[column] Artificial intelligence for beginners

Most modern marketers work with a large number of tools that make their tasks a lot more effective and strategic.

Did you know that research from The Stamford Firm showed a 270% growth in the use of AI in marketing? And that, according to PwC, more than 72% of (US) executives believe AI is indispensable for business development? This is impressive and this growth seems to continue this year. Exciting times with many new possibilities.

What is AI?

In short, AI is about computers that perform human tasks. The aim of AI developers is to develop systems in such a way that they think exactly like humans. By means of “machine learning”, certain systems are now able to improve themselves more and more, so that they learn to work more precisely and indeed come closer to carrying out human actions.

However, most AI systems are not that far yet. Many AI tools currently operate based on human thinking and based on pre-set rules. Think for example of the chatbot, the robot vacuum cleaner or Siri or Echo.

Intimidated by AI

AI is still a new concept for many. The application of this seems complicated and therefore sometimes scares entrepreneurs and marketers somewhat. And that, while the use of this is now essential to really grow a company. After all, the competitor does it too – and you don’t want to lag behind.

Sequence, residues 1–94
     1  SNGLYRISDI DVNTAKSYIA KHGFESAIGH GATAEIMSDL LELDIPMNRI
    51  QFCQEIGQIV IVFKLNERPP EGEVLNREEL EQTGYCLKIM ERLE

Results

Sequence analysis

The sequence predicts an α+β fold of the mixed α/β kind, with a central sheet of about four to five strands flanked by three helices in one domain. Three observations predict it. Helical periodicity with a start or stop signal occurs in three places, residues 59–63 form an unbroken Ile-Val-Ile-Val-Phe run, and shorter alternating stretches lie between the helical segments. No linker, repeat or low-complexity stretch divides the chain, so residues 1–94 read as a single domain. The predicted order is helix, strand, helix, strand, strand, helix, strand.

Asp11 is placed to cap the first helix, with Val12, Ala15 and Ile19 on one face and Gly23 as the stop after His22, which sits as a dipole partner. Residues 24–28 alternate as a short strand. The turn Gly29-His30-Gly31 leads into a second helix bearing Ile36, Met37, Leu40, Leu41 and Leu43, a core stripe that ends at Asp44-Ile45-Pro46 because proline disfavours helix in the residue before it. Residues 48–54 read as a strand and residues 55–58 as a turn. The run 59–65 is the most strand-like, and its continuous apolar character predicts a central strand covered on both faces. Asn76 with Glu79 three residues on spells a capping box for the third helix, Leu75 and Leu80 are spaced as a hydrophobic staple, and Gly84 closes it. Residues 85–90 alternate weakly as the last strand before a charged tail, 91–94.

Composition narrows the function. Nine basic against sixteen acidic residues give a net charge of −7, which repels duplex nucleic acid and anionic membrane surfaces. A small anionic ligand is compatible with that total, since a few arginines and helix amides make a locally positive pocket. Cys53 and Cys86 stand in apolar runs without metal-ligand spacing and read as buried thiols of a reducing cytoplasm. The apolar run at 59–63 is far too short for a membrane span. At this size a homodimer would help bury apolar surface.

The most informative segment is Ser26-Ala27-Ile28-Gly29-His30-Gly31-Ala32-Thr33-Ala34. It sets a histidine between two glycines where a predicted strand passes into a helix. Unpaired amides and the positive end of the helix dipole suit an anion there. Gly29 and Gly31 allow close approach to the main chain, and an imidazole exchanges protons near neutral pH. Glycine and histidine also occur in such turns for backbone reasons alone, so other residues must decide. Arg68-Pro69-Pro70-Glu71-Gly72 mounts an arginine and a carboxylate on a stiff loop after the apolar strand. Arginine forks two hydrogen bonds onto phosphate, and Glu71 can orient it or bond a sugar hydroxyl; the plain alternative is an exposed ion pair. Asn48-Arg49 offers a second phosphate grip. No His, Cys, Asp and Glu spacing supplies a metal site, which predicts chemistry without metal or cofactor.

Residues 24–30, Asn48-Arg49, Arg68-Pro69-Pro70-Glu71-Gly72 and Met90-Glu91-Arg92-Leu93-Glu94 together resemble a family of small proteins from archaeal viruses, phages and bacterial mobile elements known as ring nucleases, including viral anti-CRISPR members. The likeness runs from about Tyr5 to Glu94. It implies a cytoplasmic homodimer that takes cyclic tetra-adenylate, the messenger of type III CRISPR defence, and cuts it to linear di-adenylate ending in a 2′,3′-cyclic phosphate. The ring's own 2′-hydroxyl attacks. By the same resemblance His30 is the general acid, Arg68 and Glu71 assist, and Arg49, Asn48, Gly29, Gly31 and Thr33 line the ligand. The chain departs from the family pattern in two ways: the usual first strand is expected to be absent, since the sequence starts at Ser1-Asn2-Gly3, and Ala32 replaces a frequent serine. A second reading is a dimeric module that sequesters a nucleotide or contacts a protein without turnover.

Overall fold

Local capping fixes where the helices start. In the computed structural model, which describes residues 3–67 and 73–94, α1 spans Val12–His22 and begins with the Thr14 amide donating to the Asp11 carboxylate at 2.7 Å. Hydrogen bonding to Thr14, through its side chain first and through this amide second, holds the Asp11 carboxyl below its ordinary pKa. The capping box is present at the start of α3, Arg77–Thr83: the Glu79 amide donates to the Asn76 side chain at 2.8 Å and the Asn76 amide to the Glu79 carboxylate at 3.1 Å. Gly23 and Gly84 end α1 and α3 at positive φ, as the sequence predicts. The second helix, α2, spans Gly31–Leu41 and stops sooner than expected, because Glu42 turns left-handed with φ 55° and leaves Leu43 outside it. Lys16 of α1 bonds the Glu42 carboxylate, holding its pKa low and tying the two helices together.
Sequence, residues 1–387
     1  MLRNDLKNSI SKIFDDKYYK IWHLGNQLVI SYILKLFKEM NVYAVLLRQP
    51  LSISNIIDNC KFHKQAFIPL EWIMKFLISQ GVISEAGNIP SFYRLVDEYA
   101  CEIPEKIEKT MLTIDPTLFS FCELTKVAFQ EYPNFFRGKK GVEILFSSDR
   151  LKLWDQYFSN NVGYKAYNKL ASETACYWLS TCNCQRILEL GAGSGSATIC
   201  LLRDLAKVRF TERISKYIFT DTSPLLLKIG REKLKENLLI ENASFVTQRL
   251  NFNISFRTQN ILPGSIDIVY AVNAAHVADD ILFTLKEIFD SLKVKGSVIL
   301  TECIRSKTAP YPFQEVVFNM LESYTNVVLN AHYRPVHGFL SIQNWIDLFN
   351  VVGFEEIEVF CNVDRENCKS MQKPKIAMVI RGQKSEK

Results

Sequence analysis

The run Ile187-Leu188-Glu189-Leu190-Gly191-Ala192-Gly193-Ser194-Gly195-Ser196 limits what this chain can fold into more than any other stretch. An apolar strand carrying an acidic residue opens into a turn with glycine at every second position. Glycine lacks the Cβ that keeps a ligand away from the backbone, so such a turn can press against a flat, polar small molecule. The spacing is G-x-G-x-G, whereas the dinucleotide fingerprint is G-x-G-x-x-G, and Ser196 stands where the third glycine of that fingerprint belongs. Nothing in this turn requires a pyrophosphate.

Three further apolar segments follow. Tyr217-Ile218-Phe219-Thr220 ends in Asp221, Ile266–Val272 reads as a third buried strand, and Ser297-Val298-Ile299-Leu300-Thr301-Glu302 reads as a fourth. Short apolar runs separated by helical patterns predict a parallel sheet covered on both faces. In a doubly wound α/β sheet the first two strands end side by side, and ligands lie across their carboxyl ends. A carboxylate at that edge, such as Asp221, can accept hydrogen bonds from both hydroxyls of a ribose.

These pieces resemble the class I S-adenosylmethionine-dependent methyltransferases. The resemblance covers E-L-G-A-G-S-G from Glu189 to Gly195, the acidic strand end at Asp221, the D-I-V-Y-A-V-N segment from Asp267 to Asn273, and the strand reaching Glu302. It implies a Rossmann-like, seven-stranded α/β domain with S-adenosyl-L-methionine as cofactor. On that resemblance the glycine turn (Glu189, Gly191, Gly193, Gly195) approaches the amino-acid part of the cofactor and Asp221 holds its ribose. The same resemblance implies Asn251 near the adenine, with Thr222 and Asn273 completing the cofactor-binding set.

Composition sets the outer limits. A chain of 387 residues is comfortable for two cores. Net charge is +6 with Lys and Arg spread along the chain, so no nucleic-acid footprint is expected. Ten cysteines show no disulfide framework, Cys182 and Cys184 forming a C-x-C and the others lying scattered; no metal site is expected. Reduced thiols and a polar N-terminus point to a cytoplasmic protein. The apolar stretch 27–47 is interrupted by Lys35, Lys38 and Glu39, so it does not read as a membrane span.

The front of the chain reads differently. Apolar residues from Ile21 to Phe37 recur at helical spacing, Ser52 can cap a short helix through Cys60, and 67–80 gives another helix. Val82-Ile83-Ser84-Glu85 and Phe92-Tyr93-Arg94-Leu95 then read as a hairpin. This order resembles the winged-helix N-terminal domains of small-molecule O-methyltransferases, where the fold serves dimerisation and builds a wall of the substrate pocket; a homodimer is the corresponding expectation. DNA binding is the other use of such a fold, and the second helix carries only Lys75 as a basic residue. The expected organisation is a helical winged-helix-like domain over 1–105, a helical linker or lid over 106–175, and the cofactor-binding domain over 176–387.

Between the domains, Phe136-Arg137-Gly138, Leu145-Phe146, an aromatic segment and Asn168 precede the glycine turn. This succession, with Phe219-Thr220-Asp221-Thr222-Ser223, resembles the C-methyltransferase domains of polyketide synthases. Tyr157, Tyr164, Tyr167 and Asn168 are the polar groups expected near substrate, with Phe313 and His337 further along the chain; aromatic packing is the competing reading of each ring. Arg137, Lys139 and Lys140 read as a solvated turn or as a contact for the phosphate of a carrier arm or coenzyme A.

“AI isn’t simply another buzzword; it absolutely has a place in marketing technology and will yield substantial benefits. We’ve arrived at the inflection point where legitimate AI-powered marketing solutions align with marketers’ readiness. To prepare for the future of marketing, brands need to advance their understanding of AI and start testing solutions today. “- Forbes, Forrester VP Joe Stanhope.

To show you that AI can not be complicated and useful, we have listed 4 accessible AI tips in this blog.

With these tips, we hope to make AI practical and accessible, and to show how companies with less technical knowledge can still stay up-to-date with the latest marketing techniques.